If the USA men's basketball team's loss to Italy in exhibition play was a wake-up call, what was the 19-point loss to Puerto Rico? It's not the possibility that the United States remains asleep that's troubling. It's what they might see if they wake up: The Dream Team is a marketer's dream, but a coach's nightmare.
As much as stars do, role players push NBA teams to championships. Detroit defeated the star-laden Lakers not only with scorers like Chauncey Billups and Richard Hamilton but also with Tayshaun Prince and Ben Wallace. Championship teams score but also rebound, defend, and pass. But Team USA's roster is stacked with players looking for picks, not setting them. That may work in an all-star game, but international play is too competitive. The NBA style of basketball does not translate well into Olympic competition where zone defenses prevail-especially when no one bothered to add any zone-killing jump shooters to the roster. The Americans' pure talent no longer trumps the cohesive teams of the world, some of which have been playing together for years.
What's the solution? Some have suggested trotting out the NCAA championship team into competition. USA basketball could use non-NBA players as it did in 1998 during the lockout. That team took bronze at the World Championships. Could that be any worse than losing to Puerto Rico?
To understand how far Iraqi soccer had come before their victories in Athens, consider what looters discovered near the soccer team's headquarters. Several weeks after the invasion, they found an ancient torture device known as an iron maiden.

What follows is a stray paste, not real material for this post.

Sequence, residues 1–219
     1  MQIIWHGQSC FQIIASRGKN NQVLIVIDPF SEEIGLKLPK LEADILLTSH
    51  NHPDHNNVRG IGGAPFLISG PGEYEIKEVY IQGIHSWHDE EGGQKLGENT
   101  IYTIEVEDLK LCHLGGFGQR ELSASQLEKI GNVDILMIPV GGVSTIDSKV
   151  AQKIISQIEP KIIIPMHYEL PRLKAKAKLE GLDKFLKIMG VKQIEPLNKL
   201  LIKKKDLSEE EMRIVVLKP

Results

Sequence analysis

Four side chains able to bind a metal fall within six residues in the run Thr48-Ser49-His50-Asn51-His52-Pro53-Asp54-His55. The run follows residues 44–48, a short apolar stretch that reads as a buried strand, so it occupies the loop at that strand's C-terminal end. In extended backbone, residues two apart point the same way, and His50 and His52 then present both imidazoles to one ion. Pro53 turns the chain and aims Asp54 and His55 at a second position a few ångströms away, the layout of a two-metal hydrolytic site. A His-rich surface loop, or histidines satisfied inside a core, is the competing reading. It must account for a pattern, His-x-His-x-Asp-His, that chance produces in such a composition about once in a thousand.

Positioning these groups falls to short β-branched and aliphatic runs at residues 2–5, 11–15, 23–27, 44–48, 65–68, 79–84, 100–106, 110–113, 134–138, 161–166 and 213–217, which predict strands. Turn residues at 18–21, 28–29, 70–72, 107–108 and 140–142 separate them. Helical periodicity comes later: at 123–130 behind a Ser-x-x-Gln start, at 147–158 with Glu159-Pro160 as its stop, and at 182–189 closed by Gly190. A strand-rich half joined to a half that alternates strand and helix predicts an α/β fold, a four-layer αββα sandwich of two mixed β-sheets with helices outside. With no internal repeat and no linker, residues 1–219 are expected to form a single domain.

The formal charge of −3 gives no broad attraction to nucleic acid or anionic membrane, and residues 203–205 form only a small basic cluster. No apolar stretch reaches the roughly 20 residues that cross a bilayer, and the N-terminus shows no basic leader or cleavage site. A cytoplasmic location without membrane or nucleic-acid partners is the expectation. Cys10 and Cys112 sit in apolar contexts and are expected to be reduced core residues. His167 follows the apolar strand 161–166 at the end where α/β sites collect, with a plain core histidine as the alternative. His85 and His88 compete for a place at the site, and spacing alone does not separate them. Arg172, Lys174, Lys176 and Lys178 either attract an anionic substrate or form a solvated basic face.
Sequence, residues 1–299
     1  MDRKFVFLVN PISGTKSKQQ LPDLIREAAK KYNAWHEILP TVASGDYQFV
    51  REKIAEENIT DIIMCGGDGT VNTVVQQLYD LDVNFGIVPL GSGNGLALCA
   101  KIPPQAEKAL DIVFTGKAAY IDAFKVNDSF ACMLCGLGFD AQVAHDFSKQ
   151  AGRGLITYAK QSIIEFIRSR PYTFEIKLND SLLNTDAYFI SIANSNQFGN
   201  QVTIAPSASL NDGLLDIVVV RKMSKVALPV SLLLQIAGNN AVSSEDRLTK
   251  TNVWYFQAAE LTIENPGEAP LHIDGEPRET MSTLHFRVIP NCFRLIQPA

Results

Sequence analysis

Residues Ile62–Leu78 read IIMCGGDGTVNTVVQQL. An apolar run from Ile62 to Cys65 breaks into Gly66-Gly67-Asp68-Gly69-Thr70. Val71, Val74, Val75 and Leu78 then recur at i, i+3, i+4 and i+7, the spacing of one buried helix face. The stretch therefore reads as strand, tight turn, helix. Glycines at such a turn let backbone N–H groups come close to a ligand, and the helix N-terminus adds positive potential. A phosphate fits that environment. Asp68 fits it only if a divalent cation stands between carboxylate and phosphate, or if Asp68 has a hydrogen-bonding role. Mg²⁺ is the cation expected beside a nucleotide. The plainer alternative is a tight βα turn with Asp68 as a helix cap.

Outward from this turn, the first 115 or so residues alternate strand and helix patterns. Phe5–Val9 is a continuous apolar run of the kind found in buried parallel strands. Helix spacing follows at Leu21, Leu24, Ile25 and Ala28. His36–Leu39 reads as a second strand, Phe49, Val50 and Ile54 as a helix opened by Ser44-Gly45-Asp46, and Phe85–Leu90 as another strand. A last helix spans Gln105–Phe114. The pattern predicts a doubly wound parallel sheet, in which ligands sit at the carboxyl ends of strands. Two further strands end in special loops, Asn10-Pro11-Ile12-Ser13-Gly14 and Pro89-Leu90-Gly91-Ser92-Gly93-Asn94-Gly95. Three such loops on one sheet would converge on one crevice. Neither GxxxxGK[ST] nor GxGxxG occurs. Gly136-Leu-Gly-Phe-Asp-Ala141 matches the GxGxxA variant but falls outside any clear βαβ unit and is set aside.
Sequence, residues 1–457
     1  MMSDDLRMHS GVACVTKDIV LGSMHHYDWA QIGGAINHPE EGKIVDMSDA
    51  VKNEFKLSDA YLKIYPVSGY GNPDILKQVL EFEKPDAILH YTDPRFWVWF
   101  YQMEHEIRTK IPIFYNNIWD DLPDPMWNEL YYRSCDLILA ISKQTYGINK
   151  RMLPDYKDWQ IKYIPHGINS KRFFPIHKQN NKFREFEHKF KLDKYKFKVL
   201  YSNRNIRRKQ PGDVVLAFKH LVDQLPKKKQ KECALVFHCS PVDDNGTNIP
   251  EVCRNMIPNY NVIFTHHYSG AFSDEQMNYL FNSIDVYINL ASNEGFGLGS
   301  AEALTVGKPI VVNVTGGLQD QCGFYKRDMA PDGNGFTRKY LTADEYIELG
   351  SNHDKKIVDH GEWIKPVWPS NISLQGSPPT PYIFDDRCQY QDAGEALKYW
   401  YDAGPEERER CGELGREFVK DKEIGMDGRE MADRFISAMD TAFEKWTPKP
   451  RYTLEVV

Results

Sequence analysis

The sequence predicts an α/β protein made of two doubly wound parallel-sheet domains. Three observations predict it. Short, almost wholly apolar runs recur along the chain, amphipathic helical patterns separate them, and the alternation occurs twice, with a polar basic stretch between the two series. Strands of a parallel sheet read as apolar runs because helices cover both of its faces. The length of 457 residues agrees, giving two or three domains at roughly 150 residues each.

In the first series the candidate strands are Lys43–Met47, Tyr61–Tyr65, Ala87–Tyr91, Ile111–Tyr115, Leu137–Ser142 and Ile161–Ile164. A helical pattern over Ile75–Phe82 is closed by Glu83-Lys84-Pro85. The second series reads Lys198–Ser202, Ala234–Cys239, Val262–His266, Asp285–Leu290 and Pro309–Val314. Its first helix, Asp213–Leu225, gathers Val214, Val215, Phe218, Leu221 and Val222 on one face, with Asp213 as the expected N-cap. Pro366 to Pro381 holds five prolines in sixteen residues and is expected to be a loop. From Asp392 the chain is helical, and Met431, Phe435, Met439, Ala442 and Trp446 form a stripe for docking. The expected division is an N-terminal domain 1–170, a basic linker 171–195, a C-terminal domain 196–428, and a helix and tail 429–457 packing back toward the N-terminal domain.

FIFA suspected Iraq tortured its soccer players. Proof came in a hinged metal box shaped like a sarcophagus with sharp spikes pointing inward. In medieval times, torturers would slowly shut the iron maiden on a living person, causing a slow and painful death. Uday Hussein, who served as the nation's Olympic director, reportedly caned the feet of soccer players who performed poorly.
By the summer of 2004, the Iraqi team qualified for the Olympics on a shoestring. In August it found support, and not just from the Australian Air Force who carted the players out of their country. Expatriates from across Europe traveled to Athens to watch their former countrymen defeat first Portugal, then Costa Rica. At home in Baghdad, residents took up arms but aimed skyward to celebrate. "We used to play with fear in our hearts," midfielder Qusai Munir said, "but now we feel the freedom."
- The NCAA reaffirmed its hard-line position against paid collegiate athletes when it rejected former Colorado Buffaloes star Jeremy Bloom's attempt at a football comeback. Mr. Bloom, who is training for the 2006 Winter Olympics as a skier, gave up football when the NCAA said he couldn't accept endorsements that made his ski training possible. The collegiate sports body allows athletes to earn wages from other sports but bans sponsorships. But, as Mr. Bloom and Colorado argued, professional skiers don't earn salaries.
- Negotiations for a new collective bargaining agreement in the NHL hit a snag even as a lockout became a sharper reality. The union rejected six proposals from owners. One of the six ideas: a salary cap that the union says it will never accept and that the owners say is necessary to the survival of the sport.
- By now, Tiger Woods's spot atop the international golf rankings seems like a cruel joke. It's been months since Tiger has been Tiger and he knows it: "It's getting frustrating that I was not able to put myself up there" with the leaders. Mr. Woods's struggles at the PGA Championship ensured his second straight season without a major championship. Two years ago, Mr. Woods led the rankings and seemed a sure bet to obliterate Jack Nicklaus's records. Now, even though Mr. Woods remains No. 1 in the world golf rankings for another week or so, the American seems to have been replaced as the dominant golfer on tour by the 41-year-old Fijian Vijay Singh.